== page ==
Golf Shoes are a very important part of your success as a golfer, we all spend hours choosing clubs, and five minutes choosing Golf Shoes.
This is just crazy when you consider you will walk somewhere over 4 miles every time you play, and you’ll be on your feet for anything from 3 to 5 hours. Like me you probably haven’t given much thought to the part that golf shoes play in reducing your handicap. It was only after I took expert advice and invested some money in a pair of Adidas Golf Shoes that my game improved by three or four shots. Coincidence – No I don’t think so!!
What follows are a few guidelines you should follow when choosing golf shoes
1. Always wear the same socks you golf in when trying on new golf shoes
2. Don’t wear socks that are too tight or tend to scrunch up.
3. Check the fir of the shoes by standing on one foot. You should be able to wiggle your toes, and when you stand on tiptoe the shoes should bend where your foot bends.
4. The fit around the middle of the shoe should feel tighter than with ordinary shoes. This is where you get the most support when swinging the club. Don’t overworry about the tightness because all shoes will stretch a little after you have worn them a few times.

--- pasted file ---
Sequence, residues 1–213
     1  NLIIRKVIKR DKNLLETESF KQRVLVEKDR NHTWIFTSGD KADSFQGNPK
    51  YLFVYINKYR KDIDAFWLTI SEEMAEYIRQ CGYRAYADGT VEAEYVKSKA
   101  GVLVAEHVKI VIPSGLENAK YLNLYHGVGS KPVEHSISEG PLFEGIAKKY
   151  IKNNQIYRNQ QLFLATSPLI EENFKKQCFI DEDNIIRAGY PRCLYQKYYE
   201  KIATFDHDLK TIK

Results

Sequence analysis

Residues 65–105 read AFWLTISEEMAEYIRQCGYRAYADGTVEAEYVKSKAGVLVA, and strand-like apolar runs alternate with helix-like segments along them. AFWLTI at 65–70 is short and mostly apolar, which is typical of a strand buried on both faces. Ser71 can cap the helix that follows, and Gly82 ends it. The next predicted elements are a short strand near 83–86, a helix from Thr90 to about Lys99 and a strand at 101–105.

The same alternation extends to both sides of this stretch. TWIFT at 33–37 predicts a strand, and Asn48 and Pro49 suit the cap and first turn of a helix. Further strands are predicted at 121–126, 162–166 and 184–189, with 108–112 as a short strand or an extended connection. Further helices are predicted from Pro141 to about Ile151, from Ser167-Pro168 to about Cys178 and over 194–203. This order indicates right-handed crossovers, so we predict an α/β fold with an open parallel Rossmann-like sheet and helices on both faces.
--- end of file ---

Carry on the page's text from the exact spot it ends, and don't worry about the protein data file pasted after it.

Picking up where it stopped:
5. There should be no more or less than about a half inch of space from your big toe to the end of the golf shoe.
6. It is important to make sure that the shoe and the widest part of your foot are a comfortable fit, without being too loose. Loose fitting shoes cause your feet to slide when you swing the club, and you lose stability, essential for good golf.
7. If the shoe fits all the above criteria, but is a little loose, then use an insole to make the fit a little tighter.
It is no bad thing to get your feet measured professionally for width and length, once a year. This should be done at the end of the day, because your feet will be a little swollen at this time. Remembering we all have one foot larger than the other, so you need to pick the shoe size of your larger foot when trying on a golf shoe. Don’t forget you can always use an insole to balance up your smaller foot.
You might care to consider one or two additional thoughts on buying your new golf shoes.
· Waterproof shoes are more expensive, but essential if you play in wet and muddy conditions.
· Leather uppers are great for keeping the wet out, and they also offer the best support.
· Synthetic leather golf shoes should be avoided if possible because they are not waterproof, and as they won’t allow your feet to breathe, they quickly become smelly!!!
· Leather outsoles are found with more expensive shoes, and they do give a more supportive fit, because leather adjusts to the shape of your foot.
I can’t overemphasise the need to choose a good, probably quite expensive golf shoe. It will repay you many times over.